Had we made better choices

After I blogged some photos from covering addiction in 1995, I was invited to write about the experience for the online Opinion section at Philly.com. Here’s what I said:


It was a memorably cold day more than 20 years ago and I was walking around one of Philadelphia’s most distressed neighborhoods with a veteran police official who was known for not wearing a gun on his holster.

But when he rapped on the unlatched front door of a vacant row house and pushed it open with his nightstick, everyone huddled inside seemed to know the drill. He gave no orders and they asked no questions but clearly understood that it was time to stand up, put down the drugs and walk away.

One young man dashed out the door sideways, as if to run an errand. Others staggered and stumbled and struggled to button their coats. I took some pictures, though I was worried that the freezing temperatures might cause my film to crack or tear.

This block of North Darien Street near the historic Fairhill Burial Ground honestly could have passed for a war zone, with many homes boarded up and trash strewn among abandoned cars.

But some of the homes were still occupied by “decent people” – code words for neighbors who managed to avoid addiction, the drug trade and the criminal justice system. And one of the neighbors had called the police to deal with this popular drug house one more time.

So, recent news reports on the growing opioid crisis made me think about the pictures I took that December day in 1995. Decades after moving here I am still struggling to understand the intersections of guns, drugs, poverty, homelessness, addiction and other issues that lead to so much suffering in our city.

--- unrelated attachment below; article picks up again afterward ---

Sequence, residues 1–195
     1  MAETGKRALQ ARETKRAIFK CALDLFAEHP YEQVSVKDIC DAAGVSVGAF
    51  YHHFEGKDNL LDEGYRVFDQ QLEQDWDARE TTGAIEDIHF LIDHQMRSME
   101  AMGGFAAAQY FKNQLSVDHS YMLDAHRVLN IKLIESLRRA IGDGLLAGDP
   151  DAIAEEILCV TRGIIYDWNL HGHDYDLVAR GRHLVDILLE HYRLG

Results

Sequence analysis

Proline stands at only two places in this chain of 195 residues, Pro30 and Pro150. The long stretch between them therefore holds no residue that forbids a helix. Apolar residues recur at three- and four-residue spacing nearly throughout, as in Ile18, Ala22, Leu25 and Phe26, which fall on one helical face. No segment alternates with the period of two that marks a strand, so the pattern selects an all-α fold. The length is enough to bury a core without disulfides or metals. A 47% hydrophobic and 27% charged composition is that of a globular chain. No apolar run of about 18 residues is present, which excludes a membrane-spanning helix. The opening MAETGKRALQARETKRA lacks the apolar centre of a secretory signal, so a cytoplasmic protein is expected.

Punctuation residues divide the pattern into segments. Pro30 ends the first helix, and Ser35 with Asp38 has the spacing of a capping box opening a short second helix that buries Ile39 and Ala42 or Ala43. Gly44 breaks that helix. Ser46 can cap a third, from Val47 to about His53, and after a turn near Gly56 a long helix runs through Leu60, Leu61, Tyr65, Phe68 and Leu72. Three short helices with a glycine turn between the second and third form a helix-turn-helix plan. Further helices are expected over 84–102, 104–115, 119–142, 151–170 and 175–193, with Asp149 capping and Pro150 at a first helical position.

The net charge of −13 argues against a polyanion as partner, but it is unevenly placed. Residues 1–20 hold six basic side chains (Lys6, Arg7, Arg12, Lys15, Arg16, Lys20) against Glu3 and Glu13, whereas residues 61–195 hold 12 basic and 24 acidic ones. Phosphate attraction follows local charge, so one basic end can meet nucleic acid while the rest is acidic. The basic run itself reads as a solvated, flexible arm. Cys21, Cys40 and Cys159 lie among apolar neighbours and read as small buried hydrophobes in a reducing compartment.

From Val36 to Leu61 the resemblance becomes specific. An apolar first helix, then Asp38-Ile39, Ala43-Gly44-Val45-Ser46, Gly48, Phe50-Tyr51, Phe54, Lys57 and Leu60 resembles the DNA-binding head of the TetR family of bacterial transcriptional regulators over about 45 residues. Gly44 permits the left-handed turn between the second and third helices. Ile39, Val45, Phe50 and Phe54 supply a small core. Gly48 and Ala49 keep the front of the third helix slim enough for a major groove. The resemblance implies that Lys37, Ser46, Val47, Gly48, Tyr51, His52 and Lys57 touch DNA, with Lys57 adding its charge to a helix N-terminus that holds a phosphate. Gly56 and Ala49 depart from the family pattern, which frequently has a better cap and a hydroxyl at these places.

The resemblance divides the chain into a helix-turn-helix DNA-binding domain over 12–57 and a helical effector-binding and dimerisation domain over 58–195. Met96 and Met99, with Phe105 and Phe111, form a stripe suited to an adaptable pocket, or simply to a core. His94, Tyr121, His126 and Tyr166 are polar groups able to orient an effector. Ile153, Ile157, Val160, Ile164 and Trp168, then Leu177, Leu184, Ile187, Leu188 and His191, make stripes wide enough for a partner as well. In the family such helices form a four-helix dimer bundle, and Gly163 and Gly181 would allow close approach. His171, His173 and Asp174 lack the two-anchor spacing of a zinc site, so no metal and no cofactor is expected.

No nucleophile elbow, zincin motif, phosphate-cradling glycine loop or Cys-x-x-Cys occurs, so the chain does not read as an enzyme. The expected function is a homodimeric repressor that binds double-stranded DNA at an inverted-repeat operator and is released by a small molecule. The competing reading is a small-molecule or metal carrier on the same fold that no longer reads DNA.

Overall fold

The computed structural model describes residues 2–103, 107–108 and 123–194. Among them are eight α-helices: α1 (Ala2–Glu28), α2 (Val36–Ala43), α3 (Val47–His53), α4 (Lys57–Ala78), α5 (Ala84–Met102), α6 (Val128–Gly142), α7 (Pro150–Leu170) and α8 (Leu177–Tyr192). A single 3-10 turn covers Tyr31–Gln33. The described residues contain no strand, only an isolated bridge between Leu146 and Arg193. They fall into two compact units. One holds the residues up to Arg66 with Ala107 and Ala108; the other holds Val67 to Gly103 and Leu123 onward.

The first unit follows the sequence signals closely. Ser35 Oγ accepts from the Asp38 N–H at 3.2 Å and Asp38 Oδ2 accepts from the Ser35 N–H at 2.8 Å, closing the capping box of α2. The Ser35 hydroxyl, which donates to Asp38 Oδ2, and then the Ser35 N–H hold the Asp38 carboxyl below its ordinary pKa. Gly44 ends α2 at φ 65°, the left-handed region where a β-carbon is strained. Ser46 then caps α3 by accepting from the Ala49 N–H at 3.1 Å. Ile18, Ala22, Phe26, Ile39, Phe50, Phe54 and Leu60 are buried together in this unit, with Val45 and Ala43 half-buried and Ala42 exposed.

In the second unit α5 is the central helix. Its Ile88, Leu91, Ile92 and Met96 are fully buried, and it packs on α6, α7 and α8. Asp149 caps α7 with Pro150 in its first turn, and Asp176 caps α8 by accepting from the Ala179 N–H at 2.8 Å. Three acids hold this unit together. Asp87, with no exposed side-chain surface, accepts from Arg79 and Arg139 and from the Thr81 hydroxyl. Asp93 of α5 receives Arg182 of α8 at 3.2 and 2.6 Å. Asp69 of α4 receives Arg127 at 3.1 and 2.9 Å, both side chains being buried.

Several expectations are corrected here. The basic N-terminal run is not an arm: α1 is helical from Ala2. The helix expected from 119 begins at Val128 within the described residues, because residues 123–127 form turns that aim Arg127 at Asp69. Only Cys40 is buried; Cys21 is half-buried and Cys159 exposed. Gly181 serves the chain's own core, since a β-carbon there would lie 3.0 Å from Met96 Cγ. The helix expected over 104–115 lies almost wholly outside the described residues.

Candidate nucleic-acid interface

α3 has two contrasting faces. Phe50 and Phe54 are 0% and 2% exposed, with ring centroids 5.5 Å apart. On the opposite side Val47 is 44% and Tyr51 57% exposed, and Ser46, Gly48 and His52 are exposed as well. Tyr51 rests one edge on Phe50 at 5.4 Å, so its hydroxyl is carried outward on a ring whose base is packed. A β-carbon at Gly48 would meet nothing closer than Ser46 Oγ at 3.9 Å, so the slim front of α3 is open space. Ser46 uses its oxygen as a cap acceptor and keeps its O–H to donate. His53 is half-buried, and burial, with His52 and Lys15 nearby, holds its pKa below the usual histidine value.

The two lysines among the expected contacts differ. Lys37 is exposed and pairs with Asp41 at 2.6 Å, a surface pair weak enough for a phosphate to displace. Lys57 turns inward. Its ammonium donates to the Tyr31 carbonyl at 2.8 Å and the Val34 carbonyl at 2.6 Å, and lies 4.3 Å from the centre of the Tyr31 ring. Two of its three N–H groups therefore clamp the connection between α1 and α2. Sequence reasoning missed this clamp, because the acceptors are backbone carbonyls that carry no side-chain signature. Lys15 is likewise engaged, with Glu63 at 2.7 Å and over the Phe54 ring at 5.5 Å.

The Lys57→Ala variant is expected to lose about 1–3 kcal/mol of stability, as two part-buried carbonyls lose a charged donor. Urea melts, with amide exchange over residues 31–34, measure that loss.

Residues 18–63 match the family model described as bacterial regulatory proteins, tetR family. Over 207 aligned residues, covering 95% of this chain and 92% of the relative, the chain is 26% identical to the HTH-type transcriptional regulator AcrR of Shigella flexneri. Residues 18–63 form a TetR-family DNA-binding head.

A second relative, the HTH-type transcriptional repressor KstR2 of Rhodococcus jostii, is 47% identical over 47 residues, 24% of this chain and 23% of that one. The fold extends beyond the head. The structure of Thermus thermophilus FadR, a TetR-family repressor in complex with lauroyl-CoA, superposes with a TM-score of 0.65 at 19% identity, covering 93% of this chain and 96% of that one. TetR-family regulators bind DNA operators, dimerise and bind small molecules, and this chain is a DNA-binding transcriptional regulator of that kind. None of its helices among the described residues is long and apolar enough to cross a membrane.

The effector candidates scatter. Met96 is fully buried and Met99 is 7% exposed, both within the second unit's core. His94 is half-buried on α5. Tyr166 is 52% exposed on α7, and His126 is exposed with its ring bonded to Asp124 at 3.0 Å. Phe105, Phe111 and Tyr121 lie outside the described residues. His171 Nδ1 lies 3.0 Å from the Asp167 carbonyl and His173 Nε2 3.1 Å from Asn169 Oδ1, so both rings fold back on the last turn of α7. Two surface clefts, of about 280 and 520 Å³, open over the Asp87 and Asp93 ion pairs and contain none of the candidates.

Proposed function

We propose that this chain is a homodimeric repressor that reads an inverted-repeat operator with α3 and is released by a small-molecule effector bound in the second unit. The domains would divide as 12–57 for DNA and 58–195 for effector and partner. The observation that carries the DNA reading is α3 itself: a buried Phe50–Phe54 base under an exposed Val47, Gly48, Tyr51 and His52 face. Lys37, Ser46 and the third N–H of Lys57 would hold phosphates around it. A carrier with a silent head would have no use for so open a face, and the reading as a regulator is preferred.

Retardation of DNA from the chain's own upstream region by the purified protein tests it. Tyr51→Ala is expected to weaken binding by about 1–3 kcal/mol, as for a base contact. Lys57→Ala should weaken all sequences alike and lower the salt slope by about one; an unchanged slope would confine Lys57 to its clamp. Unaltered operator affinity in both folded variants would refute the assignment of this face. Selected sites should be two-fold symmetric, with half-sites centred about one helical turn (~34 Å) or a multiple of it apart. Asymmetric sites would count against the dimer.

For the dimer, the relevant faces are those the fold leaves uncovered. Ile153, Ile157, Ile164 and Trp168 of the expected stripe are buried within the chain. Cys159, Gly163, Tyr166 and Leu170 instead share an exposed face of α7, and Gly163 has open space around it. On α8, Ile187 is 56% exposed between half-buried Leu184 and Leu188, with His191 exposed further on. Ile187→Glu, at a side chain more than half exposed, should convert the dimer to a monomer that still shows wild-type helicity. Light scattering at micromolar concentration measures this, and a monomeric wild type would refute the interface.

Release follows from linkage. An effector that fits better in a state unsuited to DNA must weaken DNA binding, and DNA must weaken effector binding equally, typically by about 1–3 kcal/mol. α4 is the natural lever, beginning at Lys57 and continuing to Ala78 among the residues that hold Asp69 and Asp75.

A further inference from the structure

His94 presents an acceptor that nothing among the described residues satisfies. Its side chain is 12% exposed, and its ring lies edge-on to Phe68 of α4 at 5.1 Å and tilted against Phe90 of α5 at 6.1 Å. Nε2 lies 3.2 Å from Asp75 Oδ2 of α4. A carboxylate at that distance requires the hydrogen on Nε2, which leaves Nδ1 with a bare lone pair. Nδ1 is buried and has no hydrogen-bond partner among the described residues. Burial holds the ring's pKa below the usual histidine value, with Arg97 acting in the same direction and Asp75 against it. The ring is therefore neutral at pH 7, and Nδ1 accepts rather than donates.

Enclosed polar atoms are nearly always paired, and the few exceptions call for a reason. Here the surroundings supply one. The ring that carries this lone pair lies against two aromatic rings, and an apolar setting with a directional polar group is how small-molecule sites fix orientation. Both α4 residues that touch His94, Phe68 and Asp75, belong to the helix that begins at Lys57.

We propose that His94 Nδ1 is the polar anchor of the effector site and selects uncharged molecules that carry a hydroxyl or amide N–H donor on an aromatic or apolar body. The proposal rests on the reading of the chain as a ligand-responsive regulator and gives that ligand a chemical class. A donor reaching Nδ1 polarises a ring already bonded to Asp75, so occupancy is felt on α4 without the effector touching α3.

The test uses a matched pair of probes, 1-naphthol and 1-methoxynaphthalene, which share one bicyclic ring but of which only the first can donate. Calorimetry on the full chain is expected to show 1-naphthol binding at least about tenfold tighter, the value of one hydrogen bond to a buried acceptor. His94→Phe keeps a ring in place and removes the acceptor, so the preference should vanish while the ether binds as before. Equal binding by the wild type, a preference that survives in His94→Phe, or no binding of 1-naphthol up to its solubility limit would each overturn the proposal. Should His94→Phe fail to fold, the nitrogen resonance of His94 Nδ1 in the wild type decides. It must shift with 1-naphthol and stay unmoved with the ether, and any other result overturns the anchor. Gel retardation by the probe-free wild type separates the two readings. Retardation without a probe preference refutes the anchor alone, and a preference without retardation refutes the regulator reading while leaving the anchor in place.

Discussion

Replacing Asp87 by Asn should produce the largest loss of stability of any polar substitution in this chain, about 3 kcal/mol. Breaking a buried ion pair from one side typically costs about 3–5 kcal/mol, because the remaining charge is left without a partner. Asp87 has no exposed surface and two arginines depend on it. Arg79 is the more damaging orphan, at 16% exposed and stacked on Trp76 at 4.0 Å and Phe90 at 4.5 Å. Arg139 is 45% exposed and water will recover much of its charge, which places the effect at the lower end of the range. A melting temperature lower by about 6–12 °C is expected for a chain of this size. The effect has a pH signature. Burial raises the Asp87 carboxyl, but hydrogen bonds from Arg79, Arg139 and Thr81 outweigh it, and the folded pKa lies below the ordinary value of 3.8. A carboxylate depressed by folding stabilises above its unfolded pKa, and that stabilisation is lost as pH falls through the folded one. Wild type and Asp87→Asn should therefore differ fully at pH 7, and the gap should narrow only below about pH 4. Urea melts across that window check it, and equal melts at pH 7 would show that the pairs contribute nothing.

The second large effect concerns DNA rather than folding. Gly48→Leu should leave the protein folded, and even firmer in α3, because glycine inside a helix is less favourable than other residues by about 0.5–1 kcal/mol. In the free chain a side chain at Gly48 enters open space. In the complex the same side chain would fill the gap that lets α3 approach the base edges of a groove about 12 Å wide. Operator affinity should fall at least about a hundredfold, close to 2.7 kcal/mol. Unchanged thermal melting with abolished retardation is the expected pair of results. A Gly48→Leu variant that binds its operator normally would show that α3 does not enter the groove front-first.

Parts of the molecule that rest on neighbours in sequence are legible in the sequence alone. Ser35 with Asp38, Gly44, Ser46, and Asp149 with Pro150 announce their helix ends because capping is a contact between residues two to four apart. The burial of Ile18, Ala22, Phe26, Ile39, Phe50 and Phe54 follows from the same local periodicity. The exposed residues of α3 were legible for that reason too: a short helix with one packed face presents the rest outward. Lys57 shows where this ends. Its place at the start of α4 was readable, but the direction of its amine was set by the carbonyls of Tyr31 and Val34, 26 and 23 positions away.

I am no expert on solutions to addiction, but we can’t expect that driving people who use drugs out of a park or a rail yard or a church will do anything but lead them to gather elsewhere.

I wonder what might change if we could send out more intervention workers and fewer police officers. Could we turn our jails into shelters or treatment centers or maybe harm reduction centers?

Now, I am learning about the city’s new plan to address the immediate crisis but we must also sustain that support for as long as it takes.

Meanwhile, I spend a lot of time thinking this city might be better off had we made better choices when I took these pictures.


Photo at top of page: Men and women walk away after police drove them from a drug house on North Darien Street following complaints from neighbors in the Fairhill section of Philadelphia in December, 1995

Addiction in Philadelphia, 1995

Local news organizations seem to be rediscovering addiction in Philadelphia recently — as overdose deaths have been skyrocketing in recent years — but it wasn’t a new problem when I took these photos in the Fairhill section of the city in 1995 and 1996. Maybe we could have done more then.

In the photo at the top of this page, men were pacing around a barrel fire for warmth in a vacant lot on West Indiana Avenue near Germantown Avenue. Drugs, needles and syringes were being sold in an open air market on the nearest corner and users were gathered inside nearby vacant houses, many of which were eventually demolished by the city.

A man and women gather some of their belongings after police ordered them out of a vacant house that neighbors complained was being occupied by drug users. Headlines at the time called these spaces “shooting galleries.”

A Philadelphia Police officer looks into a tomb inside the historic Fairhill Burial Ground. The door had been kicked in and drug paraphernalia littered the space inside.

Philadelphia Fire Department medics demonstrate treating overdose cases with naloxone for a newspaper reporter during a ride-along.

Men and women walk away after police drove them from a drug house on North Darien Street following complaints from neighbors.